Proverbs 22 New International Version (NIV)
22 A good name is more desirable than great riches;
to be esteemed is better than silver or gold.
2 Rich and poor have this in common:
The Lord is the Maker of them all.
3 The prudent see danger and take refuge,
but the simple keep going and pay the penalty.
4 Humility is the fear of the Lord;
its wages are riches and honor and life.
5 In the paths of the wicked are snares and pitfalls,
but those who would preserve their life stay far from them.
6 Start children off on the way they should go,
and even when they are old they will not turn from it.
7 The rich rule over the poor,
and the borrower is slave to the lender.
8 Whoever sows injustice reaps calamity,
and the rod they wield in fury will be broken.
9 The generous will themselves be blessed,
for they share their food with the poor.
10 Drive out the mocker, and out goes strife;
quarrels and insults are ended.
11 One who loves a pure heart and who speaks with grace
will have the king for a friend.
12 The eyes of the Lord keep watch over knowledge,
but he frustrates the words of the unfaithful.
13 The sluggard says, “There’s a lion outside!
I’ll be killed in the public square!”
14 The mouth of an adulterous woman is a deep pit;
a man who is under the Lord’s wrath falls into it.
15 Folly is bound up in the heart of a child,
but the rod of discipline will drive it far away.
16 One who oppresses the poor to increase his wealth
and one who gives gifts to the rich—both come to poverty.
https://en.wikiquote.org/wiki/Starship_Troopers – opening quote for this chapter is from Proverbs 22:6
- That old saw about “to understand all is to forgive all” is a lot of tripe. Some things, the more you understand the more you loathe them.
- Juan Rico, p. 111, internal monologue on the execution of Dillinger.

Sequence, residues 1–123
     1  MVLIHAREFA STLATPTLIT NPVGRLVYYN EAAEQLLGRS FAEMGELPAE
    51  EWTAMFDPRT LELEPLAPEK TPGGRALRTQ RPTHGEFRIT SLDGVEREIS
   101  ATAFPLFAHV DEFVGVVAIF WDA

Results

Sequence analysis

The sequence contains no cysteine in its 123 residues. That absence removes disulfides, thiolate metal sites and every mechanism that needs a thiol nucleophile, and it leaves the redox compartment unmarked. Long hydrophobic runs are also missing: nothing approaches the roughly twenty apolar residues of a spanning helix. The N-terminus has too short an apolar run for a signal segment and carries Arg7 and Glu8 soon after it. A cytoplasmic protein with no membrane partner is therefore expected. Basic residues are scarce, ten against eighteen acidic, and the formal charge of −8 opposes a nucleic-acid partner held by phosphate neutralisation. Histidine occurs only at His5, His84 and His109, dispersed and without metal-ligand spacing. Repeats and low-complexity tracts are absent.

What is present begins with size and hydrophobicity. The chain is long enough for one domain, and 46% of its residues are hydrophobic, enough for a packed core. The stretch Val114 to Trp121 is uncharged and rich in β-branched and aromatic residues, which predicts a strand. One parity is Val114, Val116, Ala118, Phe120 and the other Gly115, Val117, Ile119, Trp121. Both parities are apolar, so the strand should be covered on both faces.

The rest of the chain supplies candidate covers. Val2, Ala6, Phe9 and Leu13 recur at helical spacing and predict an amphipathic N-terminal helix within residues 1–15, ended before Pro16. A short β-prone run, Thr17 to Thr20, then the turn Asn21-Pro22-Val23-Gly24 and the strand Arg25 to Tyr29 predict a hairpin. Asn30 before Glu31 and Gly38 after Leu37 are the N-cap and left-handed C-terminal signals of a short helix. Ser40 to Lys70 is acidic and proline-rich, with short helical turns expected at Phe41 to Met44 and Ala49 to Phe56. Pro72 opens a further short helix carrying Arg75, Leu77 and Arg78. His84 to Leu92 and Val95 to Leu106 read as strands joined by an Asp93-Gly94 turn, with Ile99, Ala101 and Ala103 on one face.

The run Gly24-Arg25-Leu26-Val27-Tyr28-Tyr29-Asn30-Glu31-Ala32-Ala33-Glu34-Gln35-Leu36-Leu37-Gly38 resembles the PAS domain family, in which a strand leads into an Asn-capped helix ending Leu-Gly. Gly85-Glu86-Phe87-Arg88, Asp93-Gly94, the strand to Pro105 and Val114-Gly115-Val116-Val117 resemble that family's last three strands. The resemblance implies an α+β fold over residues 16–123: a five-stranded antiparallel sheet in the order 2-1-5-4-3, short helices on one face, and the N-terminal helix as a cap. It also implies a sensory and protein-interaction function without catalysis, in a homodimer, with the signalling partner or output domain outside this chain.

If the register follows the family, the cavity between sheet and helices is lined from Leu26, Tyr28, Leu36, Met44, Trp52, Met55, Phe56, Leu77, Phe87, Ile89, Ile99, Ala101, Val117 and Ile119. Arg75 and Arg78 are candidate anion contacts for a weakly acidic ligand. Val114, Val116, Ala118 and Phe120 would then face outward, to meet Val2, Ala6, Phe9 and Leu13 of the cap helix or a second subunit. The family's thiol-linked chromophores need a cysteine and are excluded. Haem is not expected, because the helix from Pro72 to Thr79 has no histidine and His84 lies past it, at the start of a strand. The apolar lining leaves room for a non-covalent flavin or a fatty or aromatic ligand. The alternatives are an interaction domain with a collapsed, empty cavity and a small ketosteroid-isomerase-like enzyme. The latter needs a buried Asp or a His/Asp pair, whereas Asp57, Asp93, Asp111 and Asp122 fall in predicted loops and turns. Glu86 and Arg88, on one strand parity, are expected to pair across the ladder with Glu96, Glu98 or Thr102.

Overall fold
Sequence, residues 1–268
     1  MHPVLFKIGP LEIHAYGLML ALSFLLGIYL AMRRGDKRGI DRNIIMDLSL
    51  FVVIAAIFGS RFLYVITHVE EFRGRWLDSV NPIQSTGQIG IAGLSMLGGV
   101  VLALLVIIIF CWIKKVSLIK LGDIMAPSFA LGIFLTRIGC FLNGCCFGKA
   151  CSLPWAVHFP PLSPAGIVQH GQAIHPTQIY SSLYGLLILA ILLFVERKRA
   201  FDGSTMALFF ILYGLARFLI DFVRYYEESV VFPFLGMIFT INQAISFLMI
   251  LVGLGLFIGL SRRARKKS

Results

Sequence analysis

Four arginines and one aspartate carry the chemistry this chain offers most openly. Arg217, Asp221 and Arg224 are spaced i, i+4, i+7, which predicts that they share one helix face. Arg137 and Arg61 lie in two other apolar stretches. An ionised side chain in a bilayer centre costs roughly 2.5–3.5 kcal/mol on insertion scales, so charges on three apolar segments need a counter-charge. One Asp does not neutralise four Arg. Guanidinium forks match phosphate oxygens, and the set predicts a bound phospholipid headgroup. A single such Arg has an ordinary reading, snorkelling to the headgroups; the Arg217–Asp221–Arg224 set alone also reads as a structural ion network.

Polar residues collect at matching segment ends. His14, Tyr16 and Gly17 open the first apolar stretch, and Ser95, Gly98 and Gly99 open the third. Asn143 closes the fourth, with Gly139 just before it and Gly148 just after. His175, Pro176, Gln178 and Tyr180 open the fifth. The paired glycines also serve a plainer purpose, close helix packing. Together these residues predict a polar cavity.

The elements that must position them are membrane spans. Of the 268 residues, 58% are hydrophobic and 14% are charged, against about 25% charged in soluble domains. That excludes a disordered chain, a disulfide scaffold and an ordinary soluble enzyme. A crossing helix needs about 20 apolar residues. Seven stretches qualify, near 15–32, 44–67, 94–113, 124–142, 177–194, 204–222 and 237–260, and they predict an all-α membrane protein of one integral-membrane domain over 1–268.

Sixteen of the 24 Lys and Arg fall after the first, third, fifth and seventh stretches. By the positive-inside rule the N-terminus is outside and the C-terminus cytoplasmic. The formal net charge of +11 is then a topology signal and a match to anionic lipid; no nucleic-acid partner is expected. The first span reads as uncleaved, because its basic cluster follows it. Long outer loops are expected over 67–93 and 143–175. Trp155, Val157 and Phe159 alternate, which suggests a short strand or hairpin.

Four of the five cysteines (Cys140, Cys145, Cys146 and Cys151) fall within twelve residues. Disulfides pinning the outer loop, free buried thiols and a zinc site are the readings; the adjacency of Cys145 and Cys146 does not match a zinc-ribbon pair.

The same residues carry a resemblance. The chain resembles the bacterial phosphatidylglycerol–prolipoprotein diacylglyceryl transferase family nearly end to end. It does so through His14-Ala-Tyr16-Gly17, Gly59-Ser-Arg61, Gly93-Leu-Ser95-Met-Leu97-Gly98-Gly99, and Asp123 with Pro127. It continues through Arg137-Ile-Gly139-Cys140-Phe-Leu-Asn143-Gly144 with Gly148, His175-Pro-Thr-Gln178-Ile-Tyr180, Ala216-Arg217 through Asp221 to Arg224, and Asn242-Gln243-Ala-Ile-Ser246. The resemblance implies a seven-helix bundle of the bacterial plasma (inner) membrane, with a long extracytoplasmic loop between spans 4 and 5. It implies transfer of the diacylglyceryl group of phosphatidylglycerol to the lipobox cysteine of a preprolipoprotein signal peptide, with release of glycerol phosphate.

- “Ah yes, [life, liberty and the pursuit of happiness]… Life? What ‘right’ to life has a man who is drowning in the Pacific? The ocean will not hearken to his cries. What ‘right’ to life has a man who must die to save his children? If he chooses to save his own life, does he do so as a matter of ‘right’? If two men are starving and cannibalism is the only alternative to death, which man’s right is ‘unalienable’? And is it ‘right’? As to liberty, the heroes who signed the great document pledged themselves to buy liberty with their lives. Liberty is never unalienable; it must be redeemed regularly with the blood of patriots or it always vanishes. Of all the so-called natural human rights that have ever been invented, liberty is least likely to be cheap and is never free of cost. The third ‘right’?—the ‘pursuit of happiness‘? It is indeed unalienable but it is not a right; it is simply a universal condition which tyrants cannot take away nor patriots restore. Cast me into a dungeon, burn me at the stake, crown me king of kings, I can ‘pursue happiness’ as long as my brain lives—but neither gods nor saints, wise men nor subtle drugs, can ensure that I will catch it.”
- Lt. Col. Jean V. Dubois (Ret.), p. 119; expanding on his statement that “a human being has no natural rights of any nature.”
- “I told you that ‘juvenile delinquent’ is a contradiction in terms. ‘Delinquent’ means ‘failing in duty.’ But duty is an adult virtue—indeed a juvenile becomes an adult when, and only when, he acquires a knowledge of duty and embraces it as dearer than the self-love he was born with. There never was, there cannot be a ‘juvenile delinquent.’ But for every juvenile criminal there are always one or more adult delinquents—people of mature years who either do not know their duty, or who, knowing it, fail.”
- Lt. Col. Jean V. Dubois (Ret.), p. 120